Ndubuisi Francis in Abuja
The Special Adviser to the President on Niger Delta and Coordinator of the Presidential Amnesty Programme (PAP), Brig-Gen Paul Boroh, has ppealed to states with armed groups willing to disarm to emulate the Benue State government, which has put in place a comprehensive amnesty programme for militant groups in the state.
He argued that the federal government alone cannot carry out such a programme in every part of the country.
No fewer than 10 states, particularly in the southern part of the country, currently have one form of armed group or the other.
In a statement he issued to commemorate the 2016 United Nations International Day of Peace, otherwise known as the World Peace Day, Boroh stated that to ensure the cultivation of peace in Nigeria, the federal government introduced and had maintained in the Niger Delta, the amnesty programme “which is a master piece strategy for peace.”
He noted that although it comes at a great price, no effort is too much to ensure peace.
The Buhari administration, he said, should be commended for keeping the programme on track “and for its iron clad determination to exterminate terrorism in the country particularly by the Boko Haram sect.”
“A period like this is an important one for all Nigerians to spare a thought for our internally displaced compatriots in the North East who have been the victims of Boko Haram terrorism. I urge Nigerians and the international community to join the federal government in resettling the displaced families and rebuilding the North East.
“Let me state that peace is not given and must not be taken for granted; it is like crops that need to be planted, watered and cultured with care before it can germinate and be harvested.
“I urge all Nigerians to work for peace by sowing its seeds all over the country. There are armed groups in some states willing to disarm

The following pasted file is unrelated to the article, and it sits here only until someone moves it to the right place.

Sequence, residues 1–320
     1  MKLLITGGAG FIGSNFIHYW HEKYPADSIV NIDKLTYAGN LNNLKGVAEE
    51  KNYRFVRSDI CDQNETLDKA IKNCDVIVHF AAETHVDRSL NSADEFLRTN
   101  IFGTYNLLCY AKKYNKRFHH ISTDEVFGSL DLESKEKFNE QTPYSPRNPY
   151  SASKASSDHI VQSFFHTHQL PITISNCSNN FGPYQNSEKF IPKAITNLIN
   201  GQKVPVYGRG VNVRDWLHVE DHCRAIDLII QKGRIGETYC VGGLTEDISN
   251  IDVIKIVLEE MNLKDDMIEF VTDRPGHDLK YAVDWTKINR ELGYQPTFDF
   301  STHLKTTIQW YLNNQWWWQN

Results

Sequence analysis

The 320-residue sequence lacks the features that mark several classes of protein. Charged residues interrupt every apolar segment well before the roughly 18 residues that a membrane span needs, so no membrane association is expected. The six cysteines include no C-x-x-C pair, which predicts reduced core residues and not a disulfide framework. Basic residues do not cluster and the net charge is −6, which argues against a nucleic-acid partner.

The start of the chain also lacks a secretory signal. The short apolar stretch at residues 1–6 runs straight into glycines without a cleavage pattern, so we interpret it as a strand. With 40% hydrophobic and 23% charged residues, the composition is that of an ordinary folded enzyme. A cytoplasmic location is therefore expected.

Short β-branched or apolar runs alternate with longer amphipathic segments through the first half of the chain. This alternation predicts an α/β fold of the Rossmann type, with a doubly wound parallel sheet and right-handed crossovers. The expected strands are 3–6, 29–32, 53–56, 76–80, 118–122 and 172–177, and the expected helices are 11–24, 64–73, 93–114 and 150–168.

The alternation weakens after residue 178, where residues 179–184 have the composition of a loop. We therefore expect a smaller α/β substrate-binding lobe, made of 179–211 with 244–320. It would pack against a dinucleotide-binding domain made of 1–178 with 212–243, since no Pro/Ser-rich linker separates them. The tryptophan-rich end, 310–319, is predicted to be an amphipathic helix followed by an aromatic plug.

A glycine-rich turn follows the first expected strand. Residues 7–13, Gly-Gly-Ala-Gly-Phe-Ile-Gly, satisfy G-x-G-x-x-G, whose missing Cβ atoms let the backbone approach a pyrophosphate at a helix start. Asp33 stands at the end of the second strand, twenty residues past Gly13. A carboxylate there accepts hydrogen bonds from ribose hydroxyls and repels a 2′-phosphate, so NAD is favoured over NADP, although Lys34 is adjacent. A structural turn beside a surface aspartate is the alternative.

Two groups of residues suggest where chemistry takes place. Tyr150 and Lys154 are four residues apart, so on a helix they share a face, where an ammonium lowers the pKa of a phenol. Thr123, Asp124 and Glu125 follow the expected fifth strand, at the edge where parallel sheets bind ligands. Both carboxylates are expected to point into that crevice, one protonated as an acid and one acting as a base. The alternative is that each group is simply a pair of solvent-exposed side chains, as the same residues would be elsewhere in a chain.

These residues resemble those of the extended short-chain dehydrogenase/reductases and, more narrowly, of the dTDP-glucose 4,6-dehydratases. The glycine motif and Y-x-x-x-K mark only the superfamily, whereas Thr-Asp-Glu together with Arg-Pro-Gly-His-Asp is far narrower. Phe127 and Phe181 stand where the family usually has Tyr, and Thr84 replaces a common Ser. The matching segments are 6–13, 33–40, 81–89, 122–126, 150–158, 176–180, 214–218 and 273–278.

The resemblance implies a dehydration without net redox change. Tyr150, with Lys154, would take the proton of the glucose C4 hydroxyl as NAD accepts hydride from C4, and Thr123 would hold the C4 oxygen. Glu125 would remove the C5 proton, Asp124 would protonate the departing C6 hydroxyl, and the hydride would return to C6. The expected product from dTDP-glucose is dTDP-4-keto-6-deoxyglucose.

and I appeal to the governments of such states to emulate the Benue
State government that has in place a comprehensive amnesty programme,”
Boroh said in the statement captioned “Peace is Like Oxygen, But
Tragically, It is in Short Supply.”
According to him, the human race needs to reflect on its very survival, adding that “peace, like food, is one of the most essential needs of humanity, yet in most parts of the world, it is in critical short supply.”
He argued that lack of peace is no different from famine as both have the same debilitating and tragic consequences for human survival.
“While in most parts of Africa, Asia and the Middle East, peace has become endangered species, almost the rest of humanity is experiencing one form of terrorism or the other, be it local or
Boroh harped on the need to build a culture of tolerance and debate in the country, even as he canvassed for schools to inculcate the spirit of peaceful resolution of issues in children and for tertiary institutions to establish courses in peace building, conflict prevention and resolution.